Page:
Sometimes the best moments in an interview follow awkward silences.
I must have spent a good two minutes untangling my headphones as my source, Sophie, sat patiently, fiddling with a clip on the kitchen table in the café. “Do you need a moment to set up?” she asked. I insisted it would only take a second to adjust the settings on my audio recorder. To think, an hour earlier I was busy foolproofing my production plan, making sure my interview questions were ready and that I had everything I’d need to record material for a podcast. Although I was thoroughly prepared, at that moment while coaxing my equipment to cooperate, I didn’t feel like a hotshot reporter.
Here’s some background: For my class on multimedia journalism, I had to create a brief radio news feature complete with interviews and sound effects. While scrolling through Buzzfeed, I read about a pay-per-minute café in London called Ziferblat. Food and coffee were free, but customers had to pay for the time they spent there. It was an interesting business model that considered the fact that people go to cafés for the atmosphere or to hangout or get work done using the WiFi, not necessarily for the coffee and pastries. I wanted to interview the Ziferblat staff and customers about the creative community that it attracts and why the time-based payment scheme works. For two weeks I tried contacting the staff for an interview. Eventually, I got a reply, and that same day I made the trip to Ziferblat.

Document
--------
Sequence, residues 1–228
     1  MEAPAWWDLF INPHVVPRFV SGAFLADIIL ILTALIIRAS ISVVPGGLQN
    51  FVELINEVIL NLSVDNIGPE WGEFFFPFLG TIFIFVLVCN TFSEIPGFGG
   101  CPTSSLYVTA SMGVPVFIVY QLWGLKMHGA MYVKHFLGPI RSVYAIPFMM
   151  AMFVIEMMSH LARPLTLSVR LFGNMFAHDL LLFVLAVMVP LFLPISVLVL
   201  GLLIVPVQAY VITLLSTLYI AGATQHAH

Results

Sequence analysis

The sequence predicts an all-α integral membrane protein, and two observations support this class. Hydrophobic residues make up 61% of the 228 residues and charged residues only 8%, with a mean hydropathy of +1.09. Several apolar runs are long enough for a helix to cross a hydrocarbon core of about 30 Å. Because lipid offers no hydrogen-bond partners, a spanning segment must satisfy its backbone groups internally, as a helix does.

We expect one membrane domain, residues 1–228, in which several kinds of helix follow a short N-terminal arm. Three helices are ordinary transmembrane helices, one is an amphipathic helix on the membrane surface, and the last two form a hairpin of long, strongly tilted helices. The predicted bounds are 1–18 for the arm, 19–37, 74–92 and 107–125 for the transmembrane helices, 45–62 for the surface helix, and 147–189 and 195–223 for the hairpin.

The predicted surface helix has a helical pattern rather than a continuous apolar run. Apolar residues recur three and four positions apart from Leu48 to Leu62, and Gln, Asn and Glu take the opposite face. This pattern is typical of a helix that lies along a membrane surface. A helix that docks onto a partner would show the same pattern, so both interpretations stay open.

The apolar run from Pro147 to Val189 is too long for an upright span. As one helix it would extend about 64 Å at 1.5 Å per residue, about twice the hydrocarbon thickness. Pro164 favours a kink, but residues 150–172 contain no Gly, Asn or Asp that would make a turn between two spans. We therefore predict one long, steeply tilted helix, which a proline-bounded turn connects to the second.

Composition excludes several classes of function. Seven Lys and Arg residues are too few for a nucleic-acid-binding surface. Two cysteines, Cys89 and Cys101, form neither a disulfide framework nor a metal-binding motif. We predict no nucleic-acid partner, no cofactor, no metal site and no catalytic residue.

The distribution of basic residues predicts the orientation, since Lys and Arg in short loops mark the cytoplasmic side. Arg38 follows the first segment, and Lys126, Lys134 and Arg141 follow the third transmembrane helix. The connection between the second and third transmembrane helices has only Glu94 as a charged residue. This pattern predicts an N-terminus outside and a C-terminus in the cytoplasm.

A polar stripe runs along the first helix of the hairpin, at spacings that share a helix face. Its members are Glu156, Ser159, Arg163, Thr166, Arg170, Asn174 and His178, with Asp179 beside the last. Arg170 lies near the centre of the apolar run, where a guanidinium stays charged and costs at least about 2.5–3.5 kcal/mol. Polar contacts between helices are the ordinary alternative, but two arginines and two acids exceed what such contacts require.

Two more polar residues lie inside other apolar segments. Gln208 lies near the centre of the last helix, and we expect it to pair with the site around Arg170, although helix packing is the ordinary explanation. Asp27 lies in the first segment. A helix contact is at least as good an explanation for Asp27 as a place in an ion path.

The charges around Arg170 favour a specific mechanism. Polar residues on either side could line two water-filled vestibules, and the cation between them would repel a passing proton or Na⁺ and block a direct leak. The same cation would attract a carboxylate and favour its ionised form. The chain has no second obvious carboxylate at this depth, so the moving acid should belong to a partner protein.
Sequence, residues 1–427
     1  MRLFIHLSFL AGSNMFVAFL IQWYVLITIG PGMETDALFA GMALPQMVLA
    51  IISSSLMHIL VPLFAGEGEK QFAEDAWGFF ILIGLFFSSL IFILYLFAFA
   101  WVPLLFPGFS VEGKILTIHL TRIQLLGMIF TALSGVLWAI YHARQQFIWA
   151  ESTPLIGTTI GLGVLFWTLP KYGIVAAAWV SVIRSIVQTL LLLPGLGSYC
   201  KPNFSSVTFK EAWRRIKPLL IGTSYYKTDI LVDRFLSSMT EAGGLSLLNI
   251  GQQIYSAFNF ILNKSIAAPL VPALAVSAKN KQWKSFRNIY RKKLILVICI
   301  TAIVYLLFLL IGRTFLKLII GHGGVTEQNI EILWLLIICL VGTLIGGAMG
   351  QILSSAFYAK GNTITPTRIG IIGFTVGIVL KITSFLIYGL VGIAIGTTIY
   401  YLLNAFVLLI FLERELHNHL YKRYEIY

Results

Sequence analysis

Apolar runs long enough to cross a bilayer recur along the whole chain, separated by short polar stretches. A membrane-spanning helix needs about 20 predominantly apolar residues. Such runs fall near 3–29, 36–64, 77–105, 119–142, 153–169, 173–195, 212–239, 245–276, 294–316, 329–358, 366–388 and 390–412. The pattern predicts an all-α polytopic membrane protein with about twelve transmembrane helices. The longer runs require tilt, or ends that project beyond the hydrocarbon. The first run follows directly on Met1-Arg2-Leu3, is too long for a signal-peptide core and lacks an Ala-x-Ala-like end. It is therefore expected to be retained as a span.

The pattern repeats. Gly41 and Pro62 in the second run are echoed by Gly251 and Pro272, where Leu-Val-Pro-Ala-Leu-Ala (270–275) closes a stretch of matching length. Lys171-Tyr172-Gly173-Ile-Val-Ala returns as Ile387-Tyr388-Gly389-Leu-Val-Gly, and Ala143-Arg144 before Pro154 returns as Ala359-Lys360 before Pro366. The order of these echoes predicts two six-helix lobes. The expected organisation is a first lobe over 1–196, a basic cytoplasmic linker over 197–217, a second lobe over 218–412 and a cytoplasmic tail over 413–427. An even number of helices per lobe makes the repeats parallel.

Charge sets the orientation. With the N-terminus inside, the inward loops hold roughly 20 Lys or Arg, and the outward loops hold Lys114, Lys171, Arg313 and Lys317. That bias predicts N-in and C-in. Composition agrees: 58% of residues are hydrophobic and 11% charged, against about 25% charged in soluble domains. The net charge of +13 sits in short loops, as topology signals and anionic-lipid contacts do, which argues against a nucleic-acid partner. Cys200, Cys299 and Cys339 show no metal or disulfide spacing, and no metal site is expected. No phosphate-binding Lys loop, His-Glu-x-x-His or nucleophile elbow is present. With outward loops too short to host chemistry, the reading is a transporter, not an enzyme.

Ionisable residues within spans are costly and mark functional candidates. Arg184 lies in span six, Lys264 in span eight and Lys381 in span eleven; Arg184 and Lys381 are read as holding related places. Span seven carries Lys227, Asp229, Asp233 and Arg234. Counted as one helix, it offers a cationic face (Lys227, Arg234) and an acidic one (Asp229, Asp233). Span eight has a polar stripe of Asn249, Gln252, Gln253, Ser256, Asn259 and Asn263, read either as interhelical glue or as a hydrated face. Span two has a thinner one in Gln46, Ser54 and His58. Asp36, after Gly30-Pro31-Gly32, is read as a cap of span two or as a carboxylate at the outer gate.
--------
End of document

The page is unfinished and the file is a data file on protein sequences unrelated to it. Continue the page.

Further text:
Generally, I’m a shy person. I mean, I like meeting new people, but I’m not the best at holding small talk. Luckily, my source was very welcoming and understanding. After untangling my headphones, setting up my recorder, and pulling out my notebook, I started the interview. From there, it went relatively smoothly.
Sophie is the team leader at Ziferblat. I asked her questions about the conception of this unique project, company culture, and what problems they were encountering. As she explained the potential of Ziferblat, she gestured like a conductor cuing a symphony. As the interview progressed, I shed my shyness, thankful to be hearing an awesome story from such an interesting person. Great stories are what motivate me to become a reporter.
Later, I recorded ambient sound around the space. It felt unnatural, carrying around a large microphone recorder to capture noises such as pouring water or the smooth jazz music that played in the background. I even captured someone cutting bread, all in the hope of representing the space through sound. After that, I went around the room to get vox pops from customers, asking why they visited the “free space.” I was a little afraid of interrupting people as they worked or relaxed, but surprisingly they were happy to help me out with my assignment. At the end of the day, I had everything I needed.
Before this project, I had never created an audio journalism piece. Usually when I interview someone, it’s like a conversation. For this story, however, I had to operate differently to capture the subject’s complete, uninterrupted thoughts so that I’d have clean audio to work with. It was strange to sit and just wait for the other person until I was absolutely sure they had finished answering a question, but I learned to listen more deeply, use nonverbal communication, and to allow the person to pause for a second to collect their thoughts without interjecting.
Listen to the audio story below: